A senior tech, ex-marine, big black dude, incongruous loudmouth that defies corporate convention: Coworkers say he’s warming up to me because the first word out of his mouth when he sees me is no longer “douchebag.” He gave nicknames to the temps; mine is “ponytail.” A fellow temp, this poor black kid pegged as somebody who doesn’t know where he should be in life, is known as “church clothes,” because he came in for most of his first week in a manner of dress that was sorely unprofessional, making it up on Friday with the best clothes he owned.

Another temp, a skinny, snappy-dressed Haitian dude, hasn’t got one, however. That’s largely because he works 17 hours a day for two full-time jobs and commutes for a further three. Most of the time he’s quiet and the rest he’s napping in the corner. When he’s regarded at all, there’s a small sense of pity. Not much, though: Nobody in the office has less than two sources of income. Nobody can afford to. Overtime work is jealously hoarded, and rationed out lest the whole department simply work 24/7.

The Jamaican supervisor intimates to me that they’re looking for someone permanent. The ex-marine immediately chimes up that the only reason he likes me is because I’m half-black. The Barbadian tech asks who called me black, to which the ex-marine retorts, “his white half.” Another Jamaican tech points out that, with my knowledge, my accent and my skin color, I could be making a great deal more money creating and plying connections in his home country than working here. I reply that the Chinese have already formalized the process; he grins.

He’s colorstruck and aware of such. I’m colorstruck in reverse. We’re both in it for the money; under the prying eyes of ubiquitous security cameras but away from the prying eyes of true movers and shakers, stoking coal into the great engine that this economy is supposedly based upon. One day it may fail, in which case the ground floor may yet prove to be the best vantage.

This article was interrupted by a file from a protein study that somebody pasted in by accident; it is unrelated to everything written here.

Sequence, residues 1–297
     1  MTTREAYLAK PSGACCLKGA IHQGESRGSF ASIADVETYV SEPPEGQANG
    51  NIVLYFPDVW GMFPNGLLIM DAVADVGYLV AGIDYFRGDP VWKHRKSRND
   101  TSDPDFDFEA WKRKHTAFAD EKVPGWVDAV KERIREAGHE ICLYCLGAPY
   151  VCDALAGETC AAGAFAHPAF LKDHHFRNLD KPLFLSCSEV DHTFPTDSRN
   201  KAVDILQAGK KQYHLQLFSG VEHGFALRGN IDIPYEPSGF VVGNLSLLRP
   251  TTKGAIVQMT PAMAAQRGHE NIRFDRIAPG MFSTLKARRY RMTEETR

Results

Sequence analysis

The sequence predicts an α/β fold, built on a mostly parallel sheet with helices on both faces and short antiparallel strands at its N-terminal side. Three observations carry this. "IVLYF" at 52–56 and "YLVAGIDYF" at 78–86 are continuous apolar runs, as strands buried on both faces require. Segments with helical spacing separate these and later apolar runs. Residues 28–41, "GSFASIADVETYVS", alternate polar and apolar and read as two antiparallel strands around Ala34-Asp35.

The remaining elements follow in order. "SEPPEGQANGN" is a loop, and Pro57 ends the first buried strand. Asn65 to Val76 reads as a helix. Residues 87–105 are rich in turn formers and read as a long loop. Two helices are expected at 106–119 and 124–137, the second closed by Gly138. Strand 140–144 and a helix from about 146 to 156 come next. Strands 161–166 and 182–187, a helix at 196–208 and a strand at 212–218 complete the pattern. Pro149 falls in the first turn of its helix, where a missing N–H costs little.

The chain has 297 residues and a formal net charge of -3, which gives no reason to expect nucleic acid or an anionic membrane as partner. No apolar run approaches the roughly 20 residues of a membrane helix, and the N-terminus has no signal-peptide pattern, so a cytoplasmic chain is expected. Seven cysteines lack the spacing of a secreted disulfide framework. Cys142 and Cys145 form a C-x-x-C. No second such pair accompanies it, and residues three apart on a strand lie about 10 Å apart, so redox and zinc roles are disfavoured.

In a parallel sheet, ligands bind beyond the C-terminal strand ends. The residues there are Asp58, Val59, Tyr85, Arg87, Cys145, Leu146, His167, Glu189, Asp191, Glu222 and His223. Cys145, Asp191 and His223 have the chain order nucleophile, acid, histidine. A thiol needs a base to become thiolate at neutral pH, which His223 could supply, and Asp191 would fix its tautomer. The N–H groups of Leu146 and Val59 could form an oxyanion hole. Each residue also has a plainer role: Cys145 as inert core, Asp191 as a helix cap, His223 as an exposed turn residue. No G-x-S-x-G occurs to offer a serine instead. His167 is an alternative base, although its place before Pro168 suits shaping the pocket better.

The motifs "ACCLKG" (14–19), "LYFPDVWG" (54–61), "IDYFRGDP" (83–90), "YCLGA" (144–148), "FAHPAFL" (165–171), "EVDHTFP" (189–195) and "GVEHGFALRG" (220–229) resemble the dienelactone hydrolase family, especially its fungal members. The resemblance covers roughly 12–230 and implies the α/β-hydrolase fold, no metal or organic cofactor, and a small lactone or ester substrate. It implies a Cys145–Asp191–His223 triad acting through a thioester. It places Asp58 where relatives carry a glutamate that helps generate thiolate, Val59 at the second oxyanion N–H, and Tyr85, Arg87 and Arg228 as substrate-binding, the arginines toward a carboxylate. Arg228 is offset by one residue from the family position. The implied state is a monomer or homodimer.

Cuomo’s Political Ambitions

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New York Governor Andrew Cuomo appears to be working overtime to push a more liberal agenda of late, what with his advocacy of a higher minimum wage and his excoriation of the ‘culture’ of conservatives, seemingly in reaction to the cooling of his relationship with progressives prior to his re-election campaign and the anemic voter turnout for the election itself over his callousness towards fracking, gun control and other issues, but nothing quite came out of left field as Cuomo’s declaration of a proposed LaGuardia Airport AirTrain.

Simply put, the plan sucks.

While it did exist as one of the many shelved plans for connecting our domestic airport by rail, it was perhaps the most unfeasible: Yonah Freemark of The Transport Politic points out that it doesn’t actually save New Yorkers any time and Benjamin Kabak of Second Avenue Sagas asks, if the governor has money for this, why can’t he fund the second phase of the Second Avenue Subway? This is most damning, especially since Cuomo just about laughed in the face of the MTA during their last budget proposal.

Indeed, it provides no benefits over the M60 SBS bus from Harlem and Astoria nor the Q70 LTD bus from Jackson Heights, both which cross many more subway lines, take far less time and cost less. Furthermore, unlike the JFK AirTrain, which connects to the Jamaica hub of the LIRR – ensuring quick and prompt service, as almost every line stops there on the way to termini in Brooklyn and Manhattan – as well as multiple express subway lines, Cuomo’s proposed LaG AirTrain would only connect with the Port Washington LIRR line, a remote spur that only receives quick service on days the Mets play, and the 7 line, which is currently at capacity, meaning airport commuters would be fighting for limited space with Flushing commuters.

Why, then, did he propose it? The most obvious answer is because, of all the routes possible, it is by far the most politically expedient, as nobody actually lives anywhere near the right-of-way and thus nobody would be likely to complain. After all, what killed the 1992 plan to extend the N train to LaGuardia were two blocks’ worth of NIMBYs who ended up galvanizing Queens councilmen across the borough to rally against the project. It may also be the cheapest, representing a mere 1.5 miles of track, though with the albatrosses looming above both the MTA’s and the Port Authority’s current capital projects, cost overruns are practically inevitable.